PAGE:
“I don't do it for the Reichsmark. I've already got more than I'll ever need. I do it to do it. Propaganda is my art form. Some people make Linzertortes, I make swastikas. Preferably big swastikas. That's how I get my kicks.”
-From an early draft of Mein Kampf

By 1930, Adolf Hitler's spunky self-portrait had elevated him from artist-dreamer to best-selling author. His name is on the cover of that book. But there is another name hidden in the memoir's title. Along with the golden letters spelling out “Hitler” is the word “Kampf,” as in Myron Kampf, the book's ghostwriter.

“I made The Adolf much more appealing than he really is. Am I proud of that? Maybe a little.”

Mr. Kampf rarely seeks the spotlight, but lately he feels compelled to speak out. “I'm a little concerned by the Fuhrer's spin on genocide and world domination.” The ghostwriter, who spent months observing Hitler, insists that the lovable rapscallion of Mein Kampf bears little resemblance to its alleged author.

“I made The Adolf much more appealing than he really is. Am I proud of that? Maybe a little. I mean, take Churchill — anyone can make Churchill look good. Baby face? Check. Cute little bow-tie? Check. Afternoon naps? Check. But to turn Herr Wolf into a pussycat — that's writing.”

Myron Kampf was so pleased with his contribution, he couldn't resist sneaking his name into the title.

“It began as a joke, just to see if he was paying attention. But Adolf liked Mein Kampf — my struggle he thought it fit. ‘Me against them' that was his motto. ‘Such a nasty race,' he'd say. ‘The whole gene pool is rigged against me.'”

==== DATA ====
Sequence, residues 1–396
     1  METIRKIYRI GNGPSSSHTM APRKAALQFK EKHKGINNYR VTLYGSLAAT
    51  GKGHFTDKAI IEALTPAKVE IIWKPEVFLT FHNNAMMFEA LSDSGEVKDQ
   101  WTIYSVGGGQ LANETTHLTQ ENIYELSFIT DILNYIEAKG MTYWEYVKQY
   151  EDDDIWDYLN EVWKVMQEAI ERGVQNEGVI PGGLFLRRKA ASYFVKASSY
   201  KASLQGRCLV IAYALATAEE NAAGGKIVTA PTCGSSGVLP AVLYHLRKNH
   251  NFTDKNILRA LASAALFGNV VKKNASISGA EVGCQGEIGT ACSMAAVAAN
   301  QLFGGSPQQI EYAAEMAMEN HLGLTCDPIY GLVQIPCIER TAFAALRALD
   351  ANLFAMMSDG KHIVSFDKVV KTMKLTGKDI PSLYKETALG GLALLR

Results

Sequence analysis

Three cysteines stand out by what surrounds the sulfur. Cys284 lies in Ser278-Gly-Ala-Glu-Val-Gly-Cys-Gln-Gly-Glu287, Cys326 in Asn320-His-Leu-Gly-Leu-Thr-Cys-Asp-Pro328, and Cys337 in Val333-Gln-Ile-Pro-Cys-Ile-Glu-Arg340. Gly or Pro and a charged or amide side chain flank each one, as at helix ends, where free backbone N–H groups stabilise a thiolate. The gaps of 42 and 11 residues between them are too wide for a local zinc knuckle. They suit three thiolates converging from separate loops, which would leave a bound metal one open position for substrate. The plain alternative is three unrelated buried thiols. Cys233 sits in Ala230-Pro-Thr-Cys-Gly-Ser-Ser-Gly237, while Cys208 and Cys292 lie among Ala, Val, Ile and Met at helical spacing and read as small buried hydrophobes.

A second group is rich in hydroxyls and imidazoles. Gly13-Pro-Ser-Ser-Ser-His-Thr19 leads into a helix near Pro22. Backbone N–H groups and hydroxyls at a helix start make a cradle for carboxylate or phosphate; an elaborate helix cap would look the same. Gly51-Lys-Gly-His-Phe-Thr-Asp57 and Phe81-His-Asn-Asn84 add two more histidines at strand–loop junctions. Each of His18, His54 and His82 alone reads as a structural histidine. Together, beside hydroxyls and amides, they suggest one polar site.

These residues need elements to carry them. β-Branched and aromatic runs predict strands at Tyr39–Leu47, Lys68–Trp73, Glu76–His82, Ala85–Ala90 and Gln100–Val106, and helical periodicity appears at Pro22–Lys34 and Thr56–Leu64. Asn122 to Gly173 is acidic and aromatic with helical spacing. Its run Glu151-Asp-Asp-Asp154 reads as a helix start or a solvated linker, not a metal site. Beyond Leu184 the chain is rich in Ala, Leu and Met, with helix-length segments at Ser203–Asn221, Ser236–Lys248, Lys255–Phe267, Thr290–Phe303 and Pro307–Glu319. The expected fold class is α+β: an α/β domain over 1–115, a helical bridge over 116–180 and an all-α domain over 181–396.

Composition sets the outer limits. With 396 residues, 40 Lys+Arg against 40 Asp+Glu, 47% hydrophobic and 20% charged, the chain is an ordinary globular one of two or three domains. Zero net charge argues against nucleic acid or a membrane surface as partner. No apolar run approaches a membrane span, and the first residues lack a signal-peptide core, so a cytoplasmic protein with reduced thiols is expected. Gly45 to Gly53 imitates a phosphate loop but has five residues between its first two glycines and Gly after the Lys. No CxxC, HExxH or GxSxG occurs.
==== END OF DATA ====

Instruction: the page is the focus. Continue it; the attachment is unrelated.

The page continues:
Winner of the prestigious Haman Award, Mein Kampf is now required reading in schools and restaurants.

“I created Hitler,” Kampf says ruefully. “Not only did I put lipstick on the pig, I gave the pig a shave. Really, before me, he was just a scruffy artist. Can you imagine the leader of the Third Reich with side curls?”

Since admitting authorship of what is considered the Bible of the Nazi party (he also wrote Ponderlust, a collection of poetry), Kampf has been branded “Dr. Frankenstein,” accused of turning a pretentious artist into an even greater monster.

“Let's not get carried away,” he cautions. “There's a big difference between mass appeal and mass murder. I may have helped him get the gig, but it was the Fuhrer who made Survivor a household word.”

So, if Myron Kampf could do it all over again, would he?

“What am I, a masochist? Mein Kampf was my struggle, every day. If you haven't noticed, our beloved Father has the attention span of a gnat. Or gnatzi, as I call him. Which makes him totally unfit to rule. The man can rant, I'll give him that. But what kind of Übermensch can't have a heart to heart? What this country needs is a little less Über and a little more mensch.”